|Home | About | Journals | Submit | Contact Us | Français|
Genome-wide association studies on pigmentary phenotypes provide a pool of candidate genetic markers for skin cancer risk. The SNPs identified from a genome-wide association study of natural hair color were assessed for associations with the risk of three types of skin cancer simultaneously in a nested case-control study within the Nurses’ Health Study (218 melanoma, 285 squamous cell carcinoma/SCC, and 300 basal cell carcinoma/BCC cases, and 870 common controls). Along with two known pigmentation loci, MC1R and OCA2, the IRF4 rs12203592 T allele was associated with an increased risk of each type of skin cancer (p value, 6.6×10−4 for melanoma, 7.0×10−7 for SCC, and 0.04 for BCC). This association was further replicated in additional samples (190 melanoma, 252 SCC, and 634 common controls). The p value in the replication set was 0.03 for melanoma and 4.2×10−3 for SCC. The risk of BCC was replicated in an independent set of 213 cases and 718 controls (p value, 0.02). The combined results showed that the association with SCC reached the genome-wide significance level (odds ratio (OR) for additive model=1.61, 95%CI, 1.36–1.91, p=3.2×10−8). The OR was 1.49 for melanoma (95%CI, 1.23–1.80; p=4.5×10−5), and 1.32 for BCC (95%CI, 1.11–1.57; p=1.6×10−3). Given that the T allele was demonstrated previously to be associated with increased expression of IRF4 locus, further studies are warranted to elucidate the role of the IRF4 gene in human pigmentation and skin cancer development.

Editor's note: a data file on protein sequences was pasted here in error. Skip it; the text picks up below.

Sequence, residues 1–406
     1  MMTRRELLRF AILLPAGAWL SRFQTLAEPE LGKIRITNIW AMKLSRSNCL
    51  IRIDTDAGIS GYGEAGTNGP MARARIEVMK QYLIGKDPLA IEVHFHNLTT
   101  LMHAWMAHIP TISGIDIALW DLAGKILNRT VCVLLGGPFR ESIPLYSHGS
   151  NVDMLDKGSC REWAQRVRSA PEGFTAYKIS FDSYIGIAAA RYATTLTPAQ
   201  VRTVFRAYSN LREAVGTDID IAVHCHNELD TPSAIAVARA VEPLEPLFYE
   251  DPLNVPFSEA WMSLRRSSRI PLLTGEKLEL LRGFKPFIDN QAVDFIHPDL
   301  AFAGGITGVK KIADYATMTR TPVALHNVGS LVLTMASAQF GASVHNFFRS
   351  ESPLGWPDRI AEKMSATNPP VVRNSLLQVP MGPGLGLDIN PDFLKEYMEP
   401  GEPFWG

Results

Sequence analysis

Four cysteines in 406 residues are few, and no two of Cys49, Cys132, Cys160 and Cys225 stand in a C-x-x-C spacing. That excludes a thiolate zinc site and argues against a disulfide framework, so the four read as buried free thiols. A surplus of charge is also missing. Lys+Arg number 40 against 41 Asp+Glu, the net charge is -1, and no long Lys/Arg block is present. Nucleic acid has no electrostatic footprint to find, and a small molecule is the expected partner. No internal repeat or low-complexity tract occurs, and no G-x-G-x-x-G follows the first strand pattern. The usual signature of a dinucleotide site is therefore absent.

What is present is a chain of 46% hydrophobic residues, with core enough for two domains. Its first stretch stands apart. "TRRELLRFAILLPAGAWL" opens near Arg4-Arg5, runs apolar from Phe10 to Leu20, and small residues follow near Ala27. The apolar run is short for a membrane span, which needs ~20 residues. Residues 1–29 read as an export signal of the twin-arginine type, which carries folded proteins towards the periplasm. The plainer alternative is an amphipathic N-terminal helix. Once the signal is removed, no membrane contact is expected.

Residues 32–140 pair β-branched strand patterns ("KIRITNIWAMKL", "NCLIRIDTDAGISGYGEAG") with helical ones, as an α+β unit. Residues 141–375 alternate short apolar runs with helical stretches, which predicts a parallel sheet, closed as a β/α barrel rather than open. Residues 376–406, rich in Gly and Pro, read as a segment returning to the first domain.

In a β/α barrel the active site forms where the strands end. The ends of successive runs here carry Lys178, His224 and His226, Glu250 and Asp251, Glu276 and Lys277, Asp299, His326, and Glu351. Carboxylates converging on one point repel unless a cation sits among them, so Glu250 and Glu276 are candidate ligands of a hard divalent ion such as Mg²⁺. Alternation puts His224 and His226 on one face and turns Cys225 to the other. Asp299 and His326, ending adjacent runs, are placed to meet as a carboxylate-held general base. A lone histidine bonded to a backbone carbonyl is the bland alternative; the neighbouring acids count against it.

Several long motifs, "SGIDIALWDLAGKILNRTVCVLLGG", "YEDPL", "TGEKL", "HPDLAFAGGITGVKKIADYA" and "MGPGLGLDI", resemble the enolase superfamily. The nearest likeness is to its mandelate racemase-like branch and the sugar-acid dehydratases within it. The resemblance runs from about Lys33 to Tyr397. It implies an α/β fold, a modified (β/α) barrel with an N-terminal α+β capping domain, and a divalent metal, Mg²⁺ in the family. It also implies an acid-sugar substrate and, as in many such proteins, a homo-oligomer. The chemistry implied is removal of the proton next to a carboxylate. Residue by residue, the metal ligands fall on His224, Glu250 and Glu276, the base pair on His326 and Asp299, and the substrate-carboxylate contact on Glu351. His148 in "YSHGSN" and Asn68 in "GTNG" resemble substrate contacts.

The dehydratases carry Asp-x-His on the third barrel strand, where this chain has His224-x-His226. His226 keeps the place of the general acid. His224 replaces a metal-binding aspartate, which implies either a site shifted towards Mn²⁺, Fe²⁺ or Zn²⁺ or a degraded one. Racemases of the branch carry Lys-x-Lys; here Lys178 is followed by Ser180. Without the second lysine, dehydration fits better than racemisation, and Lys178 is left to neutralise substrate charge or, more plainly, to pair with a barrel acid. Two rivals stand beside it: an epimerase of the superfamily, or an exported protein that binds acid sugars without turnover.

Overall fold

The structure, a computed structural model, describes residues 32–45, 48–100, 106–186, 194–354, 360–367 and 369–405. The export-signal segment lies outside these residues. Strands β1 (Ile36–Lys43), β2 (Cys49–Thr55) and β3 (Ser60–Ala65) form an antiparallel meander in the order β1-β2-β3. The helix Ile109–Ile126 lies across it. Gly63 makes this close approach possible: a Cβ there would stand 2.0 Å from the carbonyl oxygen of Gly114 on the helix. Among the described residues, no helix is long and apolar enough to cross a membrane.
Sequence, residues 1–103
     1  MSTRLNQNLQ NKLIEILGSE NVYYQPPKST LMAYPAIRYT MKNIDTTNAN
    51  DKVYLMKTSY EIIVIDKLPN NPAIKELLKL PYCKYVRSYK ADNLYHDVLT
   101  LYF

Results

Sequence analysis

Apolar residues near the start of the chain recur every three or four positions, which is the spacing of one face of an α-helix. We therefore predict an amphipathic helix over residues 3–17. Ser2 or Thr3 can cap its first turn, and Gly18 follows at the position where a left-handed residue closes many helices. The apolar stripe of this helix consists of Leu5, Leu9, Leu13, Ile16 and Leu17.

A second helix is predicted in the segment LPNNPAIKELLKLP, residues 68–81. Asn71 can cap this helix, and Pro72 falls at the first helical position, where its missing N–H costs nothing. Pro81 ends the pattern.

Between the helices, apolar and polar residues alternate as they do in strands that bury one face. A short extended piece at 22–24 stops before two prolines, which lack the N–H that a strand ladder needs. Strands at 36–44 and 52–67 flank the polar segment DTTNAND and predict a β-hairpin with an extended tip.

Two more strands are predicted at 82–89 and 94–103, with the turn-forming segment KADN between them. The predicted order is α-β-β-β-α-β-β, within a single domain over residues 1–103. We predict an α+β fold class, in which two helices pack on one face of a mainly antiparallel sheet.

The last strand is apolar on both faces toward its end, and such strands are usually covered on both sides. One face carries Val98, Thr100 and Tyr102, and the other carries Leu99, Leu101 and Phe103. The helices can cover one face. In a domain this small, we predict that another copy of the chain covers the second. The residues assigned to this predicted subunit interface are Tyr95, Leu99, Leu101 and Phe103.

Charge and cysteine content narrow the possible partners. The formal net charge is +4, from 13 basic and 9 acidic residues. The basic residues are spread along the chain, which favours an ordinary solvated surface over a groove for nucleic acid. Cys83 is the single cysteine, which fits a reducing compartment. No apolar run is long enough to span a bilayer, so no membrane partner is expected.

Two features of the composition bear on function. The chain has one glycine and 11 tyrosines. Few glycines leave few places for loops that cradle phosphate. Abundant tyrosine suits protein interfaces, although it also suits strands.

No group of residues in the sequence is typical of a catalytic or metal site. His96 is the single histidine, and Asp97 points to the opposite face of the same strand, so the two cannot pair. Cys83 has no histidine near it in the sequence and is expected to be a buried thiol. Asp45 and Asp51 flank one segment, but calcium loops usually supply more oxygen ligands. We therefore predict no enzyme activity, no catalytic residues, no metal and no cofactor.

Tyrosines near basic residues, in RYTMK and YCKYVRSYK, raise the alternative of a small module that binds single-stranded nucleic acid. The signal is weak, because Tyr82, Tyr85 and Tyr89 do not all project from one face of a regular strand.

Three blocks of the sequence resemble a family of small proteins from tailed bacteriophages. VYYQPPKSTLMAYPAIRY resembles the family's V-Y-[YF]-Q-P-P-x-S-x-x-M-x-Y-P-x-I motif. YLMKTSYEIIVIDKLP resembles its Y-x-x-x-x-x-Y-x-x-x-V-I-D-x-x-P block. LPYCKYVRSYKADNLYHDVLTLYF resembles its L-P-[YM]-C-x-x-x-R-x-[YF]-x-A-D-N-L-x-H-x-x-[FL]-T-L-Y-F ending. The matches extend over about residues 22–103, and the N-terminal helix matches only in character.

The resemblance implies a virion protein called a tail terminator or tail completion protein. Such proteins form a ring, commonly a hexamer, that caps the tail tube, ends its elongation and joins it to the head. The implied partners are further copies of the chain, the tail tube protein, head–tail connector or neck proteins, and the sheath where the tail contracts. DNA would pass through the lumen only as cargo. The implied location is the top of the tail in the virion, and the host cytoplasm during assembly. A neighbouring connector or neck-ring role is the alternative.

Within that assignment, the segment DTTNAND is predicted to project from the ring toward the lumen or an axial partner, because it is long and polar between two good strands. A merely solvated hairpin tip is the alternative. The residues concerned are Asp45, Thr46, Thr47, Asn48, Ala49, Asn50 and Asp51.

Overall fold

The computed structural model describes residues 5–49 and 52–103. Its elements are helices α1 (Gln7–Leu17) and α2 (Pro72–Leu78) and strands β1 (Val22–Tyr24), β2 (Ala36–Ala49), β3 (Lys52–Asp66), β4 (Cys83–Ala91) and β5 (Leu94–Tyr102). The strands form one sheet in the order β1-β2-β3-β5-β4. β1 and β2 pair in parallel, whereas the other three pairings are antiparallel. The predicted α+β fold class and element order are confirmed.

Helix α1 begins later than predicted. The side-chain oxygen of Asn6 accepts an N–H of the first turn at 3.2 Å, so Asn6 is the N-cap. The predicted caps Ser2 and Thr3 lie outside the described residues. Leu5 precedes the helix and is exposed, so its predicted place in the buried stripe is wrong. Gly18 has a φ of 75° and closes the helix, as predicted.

Skin cancer is the most common form of cancer in the United States. There are three major types of skin cancer, of which melanoma is the most fatal form. The most common type of non-melanoma skin cancer is basal cell carcinoma (BCC), followed by squamous cell carcinoma (SCC). Genome-wide association studies (GWAS) on melanoma and BCC have identified several risk loci (1–6). Because of the different etiology and cell types giving rise to melanoma and SCC/BCC, the risk loci for each type of skin cancer may be different except for the common underlying pathways or mechanisms. For example, less constitutive cutaneous pigmentation is a well-known risk factor common for the three types of skin cancers. Pigmentation genes, such as MC1R, TYR and ASIP, were identified as risk loci for both melanoma and BCC (1–3), whereas some keratin-related loci, such as KRT5, KLF14, and loci at 1p36 and 1q42, were identified as risk loci for BCC only (5, 6). GWAS for SCC has not been published thus far. Given that the GWAS on melanoma and BCC have successfully identified pigmentation genes as risk loci, GWAS on pigmentary phenotypes offer an opportunity to identify novel loci for human pigmentation and at the same time provide a pool of candidate genetic markers for skin cancer risk. We have previously performed a GWAS of natural hair color in 2,287 U.S. women of European ancestry using data on 528,173 single nucleotide polymorphisms (SNPs) genotyped as part of the Cancer Genetic Markers of Susceptibility breast cancer GWAS (7). In this report, we evaluated those SNPs highly associated with hair color in relation to the risk of three types of skin cancer simultaneously in U.S. Caucasians.